Slides Week 12 through 15

Slides Week 12 through 15 - WARNI NG! NOW IS NOT THE TIME...

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WARNING!!! NOW IS NOT THE TIME TO START SLACKING!!! CHAPTER 8 IS DIFFICULT AND IS HEAVILY WEIGHTED ON THE FINAL EXAM! YOUR WEBWORK ASSIGNMENTS FROM NOW UNTIL THE END OF THE SEMESTER WILL HAVE REVIEW PROBLEMS FROM CHAPTERS 1 THROUGH 3 !!
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CHAPTER 8 - MARKOV CHAINS TWO CLASSIC EXAMPLES: A.) An experiment consists of watching a basketball player shoot free-throws, each time noting whether or not he hits the shot. If he makes the current shot, he has a 70% chance of making the next shot, and if he misses the current shot, he has a 40% chance of hitting the next shot. Q: If he makes the current shot, what is the probability that he also makes the shot after the next one?
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B.) An experiment consists of watching a rat in a maze with three compartments, noting every 15 minutes which compartment the rat is in. If the Rat is in compartment A on the current observation, then it is equally likely to be in each of the three compartments on the next observation. If the rat is in compartment B on the current observation, then it is equally like to stay there as to move to another compartment, and if it moves, it is equally likely to be in each of the other two compartments. Finally, if the rat is in compartment C on the current observation, it is always in compartment A on the next observation. Q: If the rat is in compartment A now, what is the probability that it is in compartment C 30 minutes from now?
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Q: WHAT MAKES THESE TWO EXPERIMENTS MARKOV CHAINS? DEFN: An experiment is a Markov Chain if it satisfies: a.) At each stage of the experiment, the outcome is one of a fixed number of states ( state = possible outcome at each stage ), and b.) The conditional probability of moving from one state to another on the next observation ( observation = stage of experiment ) depends only on the two states in question and nothing else. NOTE: The experiment often “STARTS” in one of the possible states.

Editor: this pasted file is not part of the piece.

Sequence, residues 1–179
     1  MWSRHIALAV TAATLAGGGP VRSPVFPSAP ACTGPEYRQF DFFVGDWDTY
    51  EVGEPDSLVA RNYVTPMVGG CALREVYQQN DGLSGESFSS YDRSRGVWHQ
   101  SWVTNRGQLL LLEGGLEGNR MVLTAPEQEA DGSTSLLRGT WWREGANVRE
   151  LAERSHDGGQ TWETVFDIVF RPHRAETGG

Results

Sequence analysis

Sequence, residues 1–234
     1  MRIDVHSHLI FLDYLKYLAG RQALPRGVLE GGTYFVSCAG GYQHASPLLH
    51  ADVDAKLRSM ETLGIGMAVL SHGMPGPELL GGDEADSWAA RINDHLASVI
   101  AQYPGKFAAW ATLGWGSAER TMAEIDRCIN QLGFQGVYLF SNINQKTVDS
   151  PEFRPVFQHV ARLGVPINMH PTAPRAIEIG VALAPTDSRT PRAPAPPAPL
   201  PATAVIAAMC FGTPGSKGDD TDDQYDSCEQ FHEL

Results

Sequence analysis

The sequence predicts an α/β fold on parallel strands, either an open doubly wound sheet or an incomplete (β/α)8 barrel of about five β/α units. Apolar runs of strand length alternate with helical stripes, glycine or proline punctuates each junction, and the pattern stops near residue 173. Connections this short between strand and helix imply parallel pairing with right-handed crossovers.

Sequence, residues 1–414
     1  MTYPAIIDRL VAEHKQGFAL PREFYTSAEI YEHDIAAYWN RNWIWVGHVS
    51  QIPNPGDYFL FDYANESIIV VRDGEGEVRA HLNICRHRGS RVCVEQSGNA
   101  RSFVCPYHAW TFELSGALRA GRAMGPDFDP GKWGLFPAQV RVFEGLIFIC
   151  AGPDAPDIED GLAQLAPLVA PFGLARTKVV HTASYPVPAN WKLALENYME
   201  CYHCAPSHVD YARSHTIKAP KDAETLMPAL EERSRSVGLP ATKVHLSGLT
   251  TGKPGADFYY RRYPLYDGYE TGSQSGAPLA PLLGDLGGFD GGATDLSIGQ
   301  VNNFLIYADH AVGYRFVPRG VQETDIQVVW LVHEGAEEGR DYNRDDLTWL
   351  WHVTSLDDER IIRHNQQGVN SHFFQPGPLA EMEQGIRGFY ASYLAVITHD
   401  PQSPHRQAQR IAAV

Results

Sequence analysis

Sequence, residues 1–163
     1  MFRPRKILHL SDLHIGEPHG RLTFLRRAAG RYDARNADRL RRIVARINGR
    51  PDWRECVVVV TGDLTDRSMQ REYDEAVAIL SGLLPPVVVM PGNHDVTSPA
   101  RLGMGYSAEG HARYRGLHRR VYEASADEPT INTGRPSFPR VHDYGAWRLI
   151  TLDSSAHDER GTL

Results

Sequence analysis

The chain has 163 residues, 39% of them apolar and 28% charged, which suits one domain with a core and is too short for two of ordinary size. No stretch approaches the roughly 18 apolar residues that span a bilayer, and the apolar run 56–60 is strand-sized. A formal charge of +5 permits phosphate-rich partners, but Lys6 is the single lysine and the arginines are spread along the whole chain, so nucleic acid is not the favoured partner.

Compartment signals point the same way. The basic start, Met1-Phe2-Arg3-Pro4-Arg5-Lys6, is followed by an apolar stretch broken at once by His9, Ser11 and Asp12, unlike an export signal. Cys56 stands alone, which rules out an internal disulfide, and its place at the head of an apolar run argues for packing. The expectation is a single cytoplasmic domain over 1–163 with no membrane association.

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TERMINOLOGY: 1.) We number the states 1, 2, up to number of states, and 2.) Pr[moving to state k | in state j now ] = pjk = transition probability FREE-THROW EXAMPLE RAT IN MAZE EXAMPLE state 1 = miss shot state 1 = in compartment A state 2 = hit shot state 2 = in compartment B state 3 = in compartment C p11 = .60 p12 = .40 p11 = 1/3 p12 = 1/3 p13 = 1/3 p21 = .30 p22 = .70 p21 = 1/4 p22 = 1/2 p23 = 1/4 p31 = 1.0 p32 = 0 p33 = 0
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A.) Transition Diagram - a diagram that shows each of the possible states along with the probabilities of moving between states on the next observation. B.) Transition Matrix - a matrix that has as entries the conditional probabilities of moving from the state in that row of the matrix into the state that is in that column of the matrix on the next observation. NOTE: Entries in the transition matrix are the pjk’s from before!
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Slides Week 12 through 15 - WARNI NG! NOW IS NOT THE TIME...

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